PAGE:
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France may cut Channel islands ferry service after post-Brexit collapse in visitor numbers

Visits to the Channel islands from France have halved since Brexit, and French local authorities say they may be forced to cut the regular ferry service, asking for the passport requirement to be waived for French visitors.

France may cut Channel islands ferry service after post-Brexit collapse in visitor numbers

Travel to and from the Channel islands – which are British crown dependancies – has reduced significantly since Brexit, when passports became a requirement for those travelling in and out of the islands and their ports.

Now the president of the local authorities in the Manche département of France has asked that passport requirements be lifted, with hopes of increasing travel to and from the islands.

Jean Morin told Ouest France that there has been a “considerable reduction in the number of passengers on routes between the Channel ports and the islands” and as a result the ferry service between France and the islands was seriously in deficit.

“On these lines, we will never make money, but we cannot be in deficit”, explained the Morin. 

He added that if a solution is not found by the deadline of May 1st, 2023, then local authorities will stop funding the shipping company DNO, which runs the Manche Îles Express ferry service.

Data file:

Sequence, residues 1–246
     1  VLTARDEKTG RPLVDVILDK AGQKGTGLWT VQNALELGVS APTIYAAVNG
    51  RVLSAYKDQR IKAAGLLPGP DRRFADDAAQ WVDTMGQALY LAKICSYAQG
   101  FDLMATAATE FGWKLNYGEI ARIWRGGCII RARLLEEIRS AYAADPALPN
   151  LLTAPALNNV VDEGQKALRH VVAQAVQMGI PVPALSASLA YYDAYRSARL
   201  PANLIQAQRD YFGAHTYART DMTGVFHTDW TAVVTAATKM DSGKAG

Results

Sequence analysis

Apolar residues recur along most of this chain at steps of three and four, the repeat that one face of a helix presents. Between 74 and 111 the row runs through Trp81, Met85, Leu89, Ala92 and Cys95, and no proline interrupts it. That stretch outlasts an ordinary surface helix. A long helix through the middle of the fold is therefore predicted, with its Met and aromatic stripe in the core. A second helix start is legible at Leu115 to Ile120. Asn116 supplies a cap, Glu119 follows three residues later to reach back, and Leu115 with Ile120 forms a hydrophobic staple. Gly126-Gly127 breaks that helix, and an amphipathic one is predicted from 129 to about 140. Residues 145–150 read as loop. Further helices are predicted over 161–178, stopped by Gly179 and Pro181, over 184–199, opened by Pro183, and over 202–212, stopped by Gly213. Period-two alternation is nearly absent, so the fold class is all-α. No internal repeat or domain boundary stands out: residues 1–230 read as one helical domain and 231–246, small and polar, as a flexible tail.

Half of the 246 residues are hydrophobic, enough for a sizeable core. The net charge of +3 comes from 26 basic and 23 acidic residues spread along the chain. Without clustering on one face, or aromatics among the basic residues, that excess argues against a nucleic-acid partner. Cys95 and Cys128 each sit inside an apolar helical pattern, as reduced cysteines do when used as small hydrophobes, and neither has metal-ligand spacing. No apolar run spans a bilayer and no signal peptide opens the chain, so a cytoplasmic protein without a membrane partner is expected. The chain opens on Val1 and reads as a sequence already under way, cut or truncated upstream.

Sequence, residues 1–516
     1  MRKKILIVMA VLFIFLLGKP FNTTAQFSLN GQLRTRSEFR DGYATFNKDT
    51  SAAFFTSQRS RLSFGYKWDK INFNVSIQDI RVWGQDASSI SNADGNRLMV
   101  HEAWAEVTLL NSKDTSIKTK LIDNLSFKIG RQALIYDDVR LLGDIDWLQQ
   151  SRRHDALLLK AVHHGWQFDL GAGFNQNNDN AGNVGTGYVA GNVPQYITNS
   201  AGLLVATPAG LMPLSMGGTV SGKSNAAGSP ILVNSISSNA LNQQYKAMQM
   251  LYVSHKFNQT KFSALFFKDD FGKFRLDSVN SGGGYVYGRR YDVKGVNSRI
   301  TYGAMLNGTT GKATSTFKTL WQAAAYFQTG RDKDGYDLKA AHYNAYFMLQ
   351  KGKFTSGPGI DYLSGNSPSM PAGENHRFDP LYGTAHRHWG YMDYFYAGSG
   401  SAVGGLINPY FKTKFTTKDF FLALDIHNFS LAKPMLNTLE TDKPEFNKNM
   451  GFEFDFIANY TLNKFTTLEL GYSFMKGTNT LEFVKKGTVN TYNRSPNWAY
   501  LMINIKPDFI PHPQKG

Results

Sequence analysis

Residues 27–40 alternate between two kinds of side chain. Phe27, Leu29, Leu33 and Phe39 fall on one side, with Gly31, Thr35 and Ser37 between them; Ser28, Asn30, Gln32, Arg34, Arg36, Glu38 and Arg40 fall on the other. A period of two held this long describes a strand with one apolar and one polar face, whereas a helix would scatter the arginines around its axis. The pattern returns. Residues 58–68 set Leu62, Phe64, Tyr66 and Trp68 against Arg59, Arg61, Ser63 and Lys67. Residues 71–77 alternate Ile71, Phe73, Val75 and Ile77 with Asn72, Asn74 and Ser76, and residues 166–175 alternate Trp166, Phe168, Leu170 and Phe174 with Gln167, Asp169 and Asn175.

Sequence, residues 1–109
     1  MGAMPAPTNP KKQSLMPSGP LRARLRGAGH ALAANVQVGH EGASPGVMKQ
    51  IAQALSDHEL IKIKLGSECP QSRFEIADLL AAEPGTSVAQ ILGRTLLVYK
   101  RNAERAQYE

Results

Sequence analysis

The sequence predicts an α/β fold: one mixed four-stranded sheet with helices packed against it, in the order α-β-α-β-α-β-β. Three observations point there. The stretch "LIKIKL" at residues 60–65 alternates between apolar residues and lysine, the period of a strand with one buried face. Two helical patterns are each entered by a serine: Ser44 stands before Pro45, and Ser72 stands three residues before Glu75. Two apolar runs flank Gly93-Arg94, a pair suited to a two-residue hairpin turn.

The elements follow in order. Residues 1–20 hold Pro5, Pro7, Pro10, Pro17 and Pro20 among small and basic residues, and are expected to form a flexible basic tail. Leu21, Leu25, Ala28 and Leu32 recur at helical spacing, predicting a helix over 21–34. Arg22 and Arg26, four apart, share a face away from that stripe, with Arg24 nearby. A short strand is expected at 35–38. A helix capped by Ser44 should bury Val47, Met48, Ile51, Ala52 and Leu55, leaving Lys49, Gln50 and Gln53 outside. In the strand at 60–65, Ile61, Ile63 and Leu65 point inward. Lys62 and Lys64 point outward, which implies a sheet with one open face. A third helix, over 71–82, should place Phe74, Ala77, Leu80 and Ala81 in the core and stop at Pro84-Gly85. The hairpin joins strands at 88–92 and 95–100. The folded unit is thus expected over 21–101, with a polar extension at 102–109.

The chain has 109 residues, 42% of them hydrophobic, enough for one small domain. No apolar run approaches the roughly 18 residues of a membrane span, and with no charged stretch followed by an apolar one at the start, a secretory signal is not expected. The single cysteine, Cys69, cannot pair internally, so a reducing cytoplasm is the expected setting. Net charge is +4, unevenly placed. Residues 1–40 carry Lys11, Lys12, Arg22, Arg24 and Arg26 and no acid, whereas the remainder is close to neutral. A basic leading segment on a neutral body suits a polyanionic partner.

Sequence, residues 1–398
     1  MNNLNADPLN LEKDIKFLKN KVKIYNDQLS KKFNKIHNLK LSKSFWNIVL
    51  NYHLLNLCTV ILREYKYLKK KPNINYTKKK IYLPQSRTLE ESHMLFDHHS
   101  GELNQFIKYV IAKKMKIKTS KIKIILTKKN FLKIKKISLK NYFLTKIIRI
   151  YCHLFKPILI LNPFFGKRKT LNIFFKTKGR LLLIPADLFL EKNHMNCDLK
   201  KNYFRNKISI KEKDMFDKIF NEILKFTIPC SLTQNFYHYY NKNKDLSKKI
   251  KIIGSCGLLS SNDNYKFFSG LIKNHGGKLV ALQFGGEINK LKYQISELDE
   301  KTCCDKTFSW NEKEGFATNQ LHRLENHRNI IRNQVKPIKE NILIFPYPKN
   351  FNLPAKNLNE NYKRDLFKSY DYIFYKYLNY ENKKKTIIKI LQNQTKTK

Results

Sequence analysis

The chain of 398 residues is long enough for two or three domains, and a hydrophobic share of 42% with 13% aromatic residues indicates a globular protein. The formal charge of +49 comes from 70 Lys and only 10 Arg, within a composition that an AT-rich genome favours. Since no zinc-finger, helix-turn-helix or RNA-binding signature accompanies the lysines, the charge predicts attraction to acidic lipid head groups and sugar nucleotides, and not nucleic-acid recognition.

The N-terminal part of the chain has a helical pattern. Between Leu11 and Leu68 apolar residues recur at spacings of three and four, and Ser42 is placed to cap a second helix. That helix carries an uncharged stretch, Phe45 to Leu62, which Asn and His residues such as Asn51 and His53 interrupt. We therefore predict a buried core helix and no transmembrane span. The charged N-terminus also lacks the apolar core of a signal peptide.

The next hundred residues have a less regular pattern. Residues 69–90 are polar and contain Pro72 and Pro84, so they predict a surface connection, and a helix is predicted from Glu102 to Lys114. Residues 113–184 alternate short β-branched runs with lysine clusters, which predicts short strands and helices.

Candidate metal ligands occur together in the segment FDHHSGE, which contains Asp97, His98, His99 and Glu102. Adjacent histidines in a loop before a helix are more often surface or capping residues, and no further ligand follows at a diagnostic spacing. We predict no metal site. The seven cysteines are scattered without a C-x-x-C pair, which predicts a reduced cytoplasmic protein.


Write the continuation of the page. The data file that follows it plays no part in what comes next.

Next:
“If the passport requirement is not lifted by then, we will have no choice but not to renew the service contract for 2024-2025”, Morin told Ouest France.

Only around half of French people have a passport, since the ID card issued to all adults is sufficient to travel within the EU. 

READ MORE: Ask the Expert: How Brexit has changed the rules on pensions, investments and bank accounts for Brits in France

DNO re-launched operations in April and since then, the company, and by extension the département – who plays a large role in funding it via a public service delegation – has been losing significant funds.

According to Franceinfo, the number of passengers has been cut in half since passport requirements were introduced. Franceinfo estimates that for one ticket for one passenger costing €30, the département spends €200.

According to Morin, the ideal solution would be to require a simple ID for tourists seeking to take just day-long or weekend-long stays on the islands – which reportedly represents at least 90 percent of the boats’ usual passengers.

“The Jersey government is working hard on the issue and is waiting for an agreement from London and the European Union. There is the possibility that things could move quickly”, Morin told Franceinfo on Tuesday.

Prior to the Covid-19 pandemic and Brexit, boats going to and from the French mainland carried at least 110,000 people per year. In 2022, only 40,000 passengers made the journey, Olivier Normand, the sales manager of Manche Îles Express, told Actu France.

Normand had expected the decline, however. He told Actu France that the company had taken a survey, which found that almost half (between 40 and 50 percent) of their clientele did not have a passport.